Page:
On the farm the month started with watering the mustard early in the hope that more seeds would germinate as germination had been poor. In some fields extra seed was broadcast and these fields were saved. In one other field it was hoped that previously sown seed would germinate after watering, and when this did not happen the field was ploughed-in and wheat sown.
Eleven women started harvesting the rice on 9th November and finished on the 20th. Here they are bashing each tied bundle to get the grain out.
Here is the final process of threshing by machine. Although the crop looked abundant the yield was down by 1/3 as 1/3 of plants had dried-out without producing grain. The price was also 2/3 of what we got 3 years ago.
The soyabean crop was poor having been damaged by pigs so there was very little chaff for the cows. They will be living on rice straw.
By the end of the month the mustard was flowering and the rock bees - apis dorsata - appeared. We have not spotted their hives yet and have not spotted any little bees - apis florea - which are normally in the mustard.
On the Farm - October ’16
After little rain in September we received 21/4 inches in the first few days of October. The accompanying winds created this crop circle effect. Although the rice looked healthy it had caught a disease that caused some stalks to dry out and for the husks to remain empty. The next door farm sprayed but we didn’t. One estimate is 50% loss. The tractor in the background is preparing the field for mustard.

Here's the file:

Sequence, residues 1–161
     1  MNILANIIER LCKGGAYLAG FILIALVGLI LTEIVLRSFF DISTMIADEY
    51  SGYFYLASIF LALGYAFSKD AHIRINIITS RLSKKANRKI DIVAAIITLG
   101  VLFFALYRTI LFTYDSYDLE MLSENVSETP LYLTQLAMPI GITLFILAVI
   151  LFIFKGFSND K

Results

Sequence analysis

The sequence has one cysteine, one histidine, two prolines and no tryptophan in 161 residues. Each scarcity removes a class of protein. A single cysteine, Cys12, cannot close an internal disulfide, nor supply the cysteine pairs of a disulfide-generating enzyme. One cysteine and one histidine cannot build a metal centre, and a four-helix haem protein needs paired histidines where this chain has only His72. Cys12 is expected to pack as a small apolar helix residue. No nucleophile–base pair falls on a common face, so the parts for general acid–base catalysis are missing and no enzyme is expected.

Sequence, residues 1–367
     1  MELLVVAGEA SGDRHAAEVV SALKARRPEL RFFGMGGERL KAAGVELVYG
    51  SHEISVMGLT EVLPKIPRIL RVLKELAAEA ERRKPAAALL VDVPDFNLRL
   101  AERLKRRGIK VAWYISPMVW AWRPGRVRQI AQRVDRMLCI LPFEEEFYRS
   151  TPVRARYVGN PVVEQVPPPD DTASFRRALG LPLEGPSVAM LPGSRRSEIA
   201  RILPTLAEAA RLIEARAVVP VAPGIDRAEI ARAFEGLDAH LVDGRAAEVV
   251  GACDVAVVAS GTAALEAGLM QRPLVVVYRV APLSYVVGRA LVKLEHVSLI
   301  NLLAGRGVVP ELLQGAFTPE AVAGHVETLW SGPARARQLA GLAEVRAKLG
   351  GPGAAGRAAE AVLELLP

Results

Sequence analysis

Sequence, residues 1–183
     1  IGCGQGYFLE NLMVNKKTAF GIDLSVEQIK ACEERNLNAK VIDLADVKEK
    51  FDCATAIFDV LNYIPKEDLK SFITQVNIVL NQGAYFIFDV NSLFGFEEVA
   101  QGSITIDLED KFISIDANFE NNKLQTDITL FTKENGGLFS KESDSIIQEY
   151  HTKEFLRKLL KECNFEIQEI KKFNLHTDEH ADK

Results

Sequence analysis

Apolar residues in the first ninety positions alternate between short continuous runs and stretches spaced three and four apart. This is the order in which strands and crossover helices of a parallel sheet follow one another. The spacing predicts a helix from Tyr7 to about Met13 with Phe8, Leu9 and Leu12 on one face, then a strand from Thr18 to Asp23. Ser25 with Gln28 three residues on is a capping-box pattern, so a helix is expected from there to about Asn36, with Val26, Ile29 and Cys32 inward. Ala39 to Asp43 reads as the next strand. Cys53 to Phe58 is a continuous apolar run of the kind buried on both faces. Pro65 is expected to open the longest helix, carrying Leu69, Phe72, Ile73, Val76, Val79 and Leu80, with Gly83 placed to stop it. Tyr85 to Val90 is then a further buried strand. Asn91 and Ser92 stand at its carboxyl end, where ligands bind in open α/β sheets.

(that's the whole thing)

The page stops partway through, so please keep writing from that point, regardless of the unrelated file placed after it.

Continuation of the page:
Instead of the usual DAP we planted mustard on 14th with superphosphate and a bio-fertiliser called VAM which is supposed to promote root growth.
These two lorries plus a team of men came to drill a borewell on land sold by us. The owner says he is either building a branch of his school or a sports ground. He chose the location for drilling according to Vastu Shastra principles which dictate that water source should be to the north-east. Unfortunately for him this wasn’t in sync with the underlying geology and they drilled to 320 feet and found only a small amount of water. Our borewell locations had been chosen by a water diviner who claimed to be able to hear water underground and smell the earth for water and our borings are 150 feet. Is it just luck?